Flexible packaging may be offering lightweight alternatives to rigid packs, but it’s no lightweight in the packaging industry. In fact, flexible packaging continues to be one of the fastest growing packaging segments in the U.S. According to the Flexible Packaging Association (FPA, flexpack.org), the U.S. flexible packaging industry grew 2.8% to $27.2 billion in annual sales in 2013. Overall, flexibles make up 18% of the $145-billion U.S. packaging market according to the FPA’s 2012 “State of the US Flexible Packaging Industry” report. Flexible is a packaging segment on the move.
Moving right along
And it’s not the only thing on the move. Consumers lead busier and busier lives and with this comes a need for products that function on-the-go. The ZIG Portable Protein Shake from Luminate Nutrition, LLC, uses flexible packaging to make their protein products more convenient for on-the-move consumers. Protein shakes are a popular choice for pre- or post-workout nutrition and as a healthy snack between meals. Perimeter Brand Packaging (perimeterbp.com) and ORC International, a global market research firm, conducted a study among 1,000 consumers and the study revealed that 66% of powder users drink the product away from home at least four times a week. Consumers also listed their ideal packaging elements including the desire to eliminate measuring scoops and getting a good, smooth mix. Perimeter developed the BlenderPak packaging to solve their problems for consumer who felt the current offerings weren’t meeting their needs. According to Katy Glabicky, a fitness trainer and ZIG Advisory Board member, blending bottles are bulky and risk bad odors if they aren’t cleaned right away. Ready-to-drink shakes are heavier and refrigeration is an issue. Glabicky called launching ZIG with Permiter’s BlenderPak packaging a “no brainer.” The lightweight packs feature a built-in mixing mesh design for clump-free shakes, come packed with a pre-measured portion of protein powder, can easily be transported in a gym back and eliminate the mess of mixing by just allowing consumers to add water directly to the package.
Flexibility in flexible
In addition to functioning on the go, consumers want packaging that is convenient. This doesn’t just apply to flexible packaging, but flexible has done a good job of making itself a convenient option for brands and consumers alike. Bemis (Bemis.com), which was recognized as a winner of the FPA Flexible Packaging Achievement Awards for the McCormick Skillet Sauce pouch, saw a way to give consumers the convenience they desire. The sauce pouches allow consumers to cook quick and healthy meals at home with the ease of a pre-made sauce. The pouches feature an easy-to-open “cap,” which simply tears away without the use of scissors. The sauce can then be squeezed from the package without needing any additional tools like spoons, scoops or spatulas. The unique shape of the pouches also offers shelf appeal and brand recognition.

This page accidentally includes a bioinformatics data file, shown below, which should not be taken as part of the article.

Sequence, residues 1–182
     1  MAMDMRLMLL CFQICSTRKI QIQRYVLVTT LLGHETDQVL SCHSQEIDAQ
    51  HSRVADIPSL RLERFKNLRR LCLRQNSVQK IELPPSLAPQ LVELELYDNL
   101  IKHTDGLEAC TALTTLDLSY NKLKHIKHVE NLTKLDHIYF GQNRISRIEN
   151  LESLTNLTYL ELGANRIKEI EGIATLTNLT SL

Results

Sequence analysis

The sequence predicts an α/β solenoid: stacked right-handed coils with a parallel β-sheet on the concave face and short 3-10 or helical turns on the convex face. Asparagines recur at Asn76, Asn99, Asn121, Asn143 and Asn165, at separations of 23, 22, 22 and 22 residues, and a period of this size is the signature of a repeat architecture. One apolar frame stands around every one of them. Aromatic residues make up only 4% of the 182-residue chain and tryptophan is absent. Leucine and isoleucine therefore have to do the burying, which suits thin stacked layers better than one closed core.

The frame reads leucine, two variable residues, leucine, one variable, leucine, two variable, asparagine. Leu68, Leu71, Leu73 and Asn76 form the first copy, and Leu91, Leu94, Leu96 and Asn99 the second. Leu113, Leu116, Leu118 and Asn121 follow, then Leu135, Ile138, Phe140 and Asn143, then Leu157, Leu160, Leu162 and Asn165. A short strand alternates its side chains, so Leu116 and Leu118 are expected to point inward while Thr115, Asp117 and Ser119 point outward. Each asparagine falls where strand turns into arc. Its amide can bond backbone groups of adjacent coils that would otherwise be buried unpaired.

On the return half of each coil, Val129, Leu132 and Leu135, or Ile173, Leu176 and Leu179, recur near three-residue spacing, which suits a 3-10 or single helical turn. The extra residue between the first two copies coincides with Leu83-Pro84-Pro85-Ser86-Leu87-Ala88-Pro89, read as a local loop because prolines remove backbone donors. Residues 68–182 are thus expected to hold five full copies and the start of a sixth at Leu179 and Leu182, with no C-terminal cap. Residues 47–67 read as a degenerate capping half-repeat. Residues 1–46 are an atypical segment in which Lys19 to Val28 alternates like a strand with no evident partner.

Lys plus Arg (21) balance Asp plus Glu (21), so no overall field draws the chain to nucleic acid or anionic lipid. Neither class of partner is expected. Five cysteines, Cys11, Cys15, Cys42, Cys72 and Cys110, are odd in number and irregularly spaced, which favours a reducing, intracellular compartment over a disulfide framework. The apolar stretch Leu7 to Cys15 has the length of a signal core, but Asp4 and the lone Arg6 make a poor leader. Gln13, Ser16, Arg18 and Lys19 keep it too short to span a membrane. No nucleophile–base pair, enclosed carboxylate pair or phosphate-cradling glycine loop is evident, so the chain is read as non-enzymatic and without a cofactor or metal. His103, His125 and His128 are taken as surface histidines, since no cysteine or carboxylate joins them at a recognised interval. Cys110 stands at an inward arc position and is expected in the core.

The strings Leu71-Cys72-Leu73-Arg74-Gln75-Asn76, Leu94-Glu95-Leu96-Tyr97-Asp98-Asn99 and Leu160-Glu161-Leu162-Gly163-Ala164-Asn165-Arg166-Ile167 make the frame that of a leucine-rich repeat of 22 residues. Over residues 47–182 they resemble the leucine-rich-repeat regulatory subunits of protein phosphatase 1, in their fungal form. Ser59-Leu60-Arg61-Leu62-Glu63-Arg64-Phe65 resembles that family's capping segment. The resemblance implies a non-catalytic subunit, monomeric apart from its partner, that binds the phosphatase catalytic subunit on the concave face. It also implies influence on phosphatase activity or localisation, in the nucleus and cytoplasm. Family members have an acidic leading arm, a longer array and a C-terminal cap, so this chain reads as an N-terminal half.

Flexible packaging may be booming, but it isn’t without its concerns. Many want to know how flexible films will impact the environment. Much of flexible packaging’s sustainability comes from its reduced materials usage and lighter weight. The McCormick Skillet Sauce pouch offers a more sustainable option by being lighter than the bottle and jars in the skillet sauce category. However, sustainability doesn’t stop there. Many companies are looking for new materials that will allow them to offer the flexibility consumers desire along with more sustainable options such as recycling, composting and more. ECOTEAS packs their individual tea bags using NatureFlex films from Innovia Films (innoviafilms.com). The material, derived from wood pulp, is certified over 90% bio-based and is compostable. To make the package even more sustainable, ECOTEAS has removed the tags, strings and staples. The resulting package is billed at “100% zero waste.” The tea, filter paper and wrapper are compostable and the carton is recyclable. Additionally, the packaging material offer high barriers to oxygen and moisture to maintain fresh tea for the product’s entire shelf life. For more about sustainability and flexible packaging check out the side bar on “The advantages of flexible packaging.”
Clearing things up
Consumers like to see the goods they are buying. Recently, some flexible packages have run into trouble because consumers found that products could be compromised without them noticing because the packages were entirely opaque. The makers of the popular Capri Sun pouch responded to this consumer concern by adding a clear panel to the bottle of their package to allow consumers to ensure the juice they gave their children was as healthy as they expected it to be. Ecolean (ecolean.com) has come up with an even clearer solution with their new Ecolean Air Aseptic Clear package. The transparent and lightweight pouches are suitable for non-carbonated soft drinks. They also offer a printable surface so brands can determine how much of the product to showcase, while maintaining brand impact. The pouches are available in 200 and 250ml sizes, and Ecolean recently introduced their new EL4+ filling system, which is capable of filling up to 12,000 packs per hour, making the transparent pouches a clearly viable beverage packaging option.